The U.S. Securities and Exchange Commission is in the midst of asking an interesting question: should for-profit exchanges operate as an industry regulator?
Stock exchanges’ self-regulatory role was established well before the establishment of the SEC in 1934. The exchanges, non-profit entities at the time, derived special status from the regulatory role, such as the sale of lucrative market data and limits on private lawsuits against them, notes a report on the topic in Bloomberg Businessweek.
Historically, the Chinese market has been relatively isolated from international investors, but much is changing there now, making China virtually impossible for the diversified investor to ignore. Earlier this year, CNBC pointed to signs that Chinese regulators may start easing up on their scrutiny of companies after months of clamping down on tech firms. That Read More
The SEC is focusing on the exchanges’ regulation of competitors, with SEC Chairman Mary Jo White and Commissioner Daniel M. Gallagher have said the exchanges’ regulatory roles may be a conflict of interest relative to their need to compete with trading venues including dark pools. Private trading venues such as dark pools, unlike traditional exchanges, are not required to provide the same level of transparency nor are they required to submit to the same burdensome regulatory structure.
The Securities Industry and Financial Markets Association, a non-profit organization representing brokers, say the self-regulatory model also creates conflicts of interest for exchanges because it asks them to regulate members that operate competing trading venues, the report noted.
Regulated vs. unregulated exchanges highlight differences in transparency, equal order treatment
Exchanges execute approximately 62% of total share volume, according to data compiled by Bloomberg. The balance is executed on dark pools such as Credit Suisse Group AG (NYSE:CS)’s Crossfinder and Morgan Stanley (NYSE:MS)’s MS Pool, plus internal platforms at broker-dealers that, unlike exchanges, are not required to publish their rules or treat all orders the same, the report noted. Transparency and equal order treatment are considered cornerstones of a regulated exchange.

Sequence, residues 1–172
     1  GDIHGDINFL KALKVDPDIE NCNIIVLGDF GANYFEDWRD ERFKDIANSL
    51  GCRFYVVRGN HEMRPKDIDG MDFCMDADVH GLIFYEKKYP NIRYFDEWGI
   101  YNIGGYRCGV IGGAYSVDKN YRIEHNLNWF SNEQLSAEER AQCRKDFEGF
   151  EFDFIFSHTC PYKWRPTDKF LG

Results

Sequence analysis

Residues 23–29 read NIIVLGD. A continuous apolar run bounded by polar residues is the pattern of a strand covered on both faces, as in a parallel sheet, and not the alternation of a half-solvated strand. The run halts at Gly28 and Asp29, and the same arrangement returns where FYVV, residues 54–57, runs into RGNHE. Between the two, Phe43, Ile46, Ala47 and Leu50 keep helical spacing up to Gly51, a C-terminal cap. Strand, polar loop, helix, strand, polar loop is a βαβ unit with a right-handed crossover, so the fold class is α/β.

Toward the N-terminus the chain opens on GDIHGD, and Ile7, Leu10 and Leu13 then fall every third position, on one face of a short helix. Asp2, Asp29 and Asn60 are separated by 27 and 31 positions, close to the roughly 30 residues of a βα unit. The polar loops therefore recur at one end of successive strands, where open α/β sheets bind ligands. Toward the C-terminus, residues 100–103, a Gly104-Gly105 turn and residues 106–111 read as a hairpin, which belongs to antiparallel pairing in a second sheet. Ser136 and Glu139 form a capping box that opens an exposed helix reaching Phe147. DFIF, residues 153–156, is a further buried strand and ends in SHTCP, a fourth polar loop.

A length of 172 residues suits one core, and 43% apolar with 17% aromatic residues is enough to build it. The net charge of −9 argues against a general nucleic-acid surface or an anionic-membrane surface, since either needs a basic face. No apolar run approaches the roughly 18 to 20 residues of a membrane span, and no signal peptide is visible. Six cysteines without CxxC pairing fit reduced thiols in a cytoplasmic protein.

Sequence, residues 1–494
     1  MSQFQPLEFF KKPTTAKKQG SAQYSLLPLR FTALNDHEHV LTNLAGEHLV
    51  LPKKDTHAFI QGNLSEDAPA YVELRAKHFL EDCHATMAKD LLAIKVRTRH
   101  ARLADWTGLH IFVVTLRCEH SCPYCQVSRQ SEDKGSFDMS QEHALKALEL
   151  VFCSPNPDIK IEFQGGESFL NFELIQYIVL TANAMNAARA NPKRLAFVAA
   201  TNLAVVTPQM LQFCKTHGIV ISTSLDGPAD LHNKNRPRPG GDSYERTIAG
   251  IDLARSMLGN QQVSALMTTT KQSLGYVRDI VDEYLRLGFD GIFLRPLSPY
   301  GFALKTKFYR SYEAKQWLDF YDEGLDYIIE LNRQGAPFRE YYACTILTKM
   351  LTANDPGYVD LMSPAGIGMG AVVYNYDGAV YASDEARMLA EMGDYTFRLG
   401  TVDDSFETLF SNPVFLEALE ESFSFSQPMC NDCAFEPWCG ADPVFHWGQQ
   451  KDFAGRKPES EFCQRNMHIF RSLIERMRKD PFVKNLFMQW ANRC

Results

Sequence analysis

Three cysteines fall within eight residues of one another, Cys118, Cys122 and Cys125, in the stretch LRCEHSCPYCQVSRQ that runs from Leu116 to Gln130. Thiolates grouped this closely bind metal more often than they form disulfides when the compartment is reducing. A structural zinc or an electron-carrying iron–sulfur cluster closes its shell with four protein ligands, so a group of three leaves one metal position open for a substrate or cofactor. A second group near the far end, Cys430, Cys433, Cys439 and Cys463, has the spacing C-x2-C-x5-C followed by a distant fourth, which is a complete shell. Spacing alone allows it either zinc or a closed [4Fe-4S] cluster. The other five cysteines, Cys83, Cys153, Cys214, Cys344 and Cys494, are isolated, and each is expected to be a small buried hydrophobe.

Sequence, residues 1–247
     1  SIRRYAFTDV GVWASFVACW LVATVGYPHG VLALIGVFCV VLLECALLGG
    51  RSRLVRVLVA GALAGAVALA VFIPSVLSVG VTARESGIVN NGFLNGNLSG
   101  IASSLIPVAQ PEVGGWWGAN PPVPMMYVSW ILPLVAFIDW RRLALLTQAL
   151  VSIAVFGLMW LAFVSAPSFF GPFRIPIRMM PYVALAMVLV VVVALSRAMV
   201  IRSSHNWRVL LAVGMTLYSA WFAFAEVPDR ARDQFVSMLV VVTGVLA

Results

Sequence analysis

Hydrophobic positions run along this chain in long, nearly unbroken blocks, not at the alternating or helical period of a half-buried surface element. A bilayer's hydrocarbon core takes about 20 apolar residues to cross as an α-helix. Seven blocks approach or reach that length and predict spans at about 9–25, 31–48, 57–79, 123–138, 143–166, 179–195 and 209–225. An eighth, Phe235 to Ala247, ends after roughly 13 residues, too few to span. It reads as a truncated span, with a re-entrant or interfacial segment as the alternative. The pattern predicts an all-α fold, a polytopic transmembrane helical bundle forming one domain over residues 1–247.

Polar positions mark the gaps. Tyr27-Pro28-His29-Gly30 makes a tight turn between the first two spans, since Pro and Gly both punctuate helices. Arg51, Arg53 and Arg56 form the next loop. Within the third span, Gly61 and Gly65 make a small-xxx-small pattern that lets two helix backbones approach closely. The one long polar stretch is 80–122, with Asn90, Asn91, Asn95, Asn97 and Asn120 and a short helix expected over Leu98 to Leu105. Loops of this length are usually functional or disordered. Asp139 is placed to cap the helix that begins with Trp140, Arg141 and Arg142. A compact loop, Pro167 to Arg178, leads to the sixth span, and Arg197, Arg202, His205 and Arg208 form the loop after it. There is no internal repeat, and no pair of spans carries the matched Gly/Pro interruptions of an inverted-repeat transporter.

“How should we rationalize the discrepancies in regulatory treatment between a dark pool and an exchange, given that they are expected to perform the same generalized function: serving as a place to match buyers and sellers?” Stein asked in her speech to the TraderForum 2014 Equity Trading Summit, quoted in the report.
Exchanges regulating their most profitable customers creates conflicts of interest
What the report doesn’t mention, and may not be part of SEC’s official consideration, is that since becoming for profit organizations, the exchanges are responsible for regulating their most profitable customers, high frequency traders. Separate questions have arisen regarding potential conflicts of interest in regard to a market participant that can account for the large majority of exchange volume and profits.
SIFMA last year asked the government to strip exchanges of their status as self-regulatory organizations, saying “Conflicts of interest in this model abound and only worsen as they are left unresolved,” Theodore R. Lazo, associate general counsel at Sifma, wrote in a letter last year to the SEC.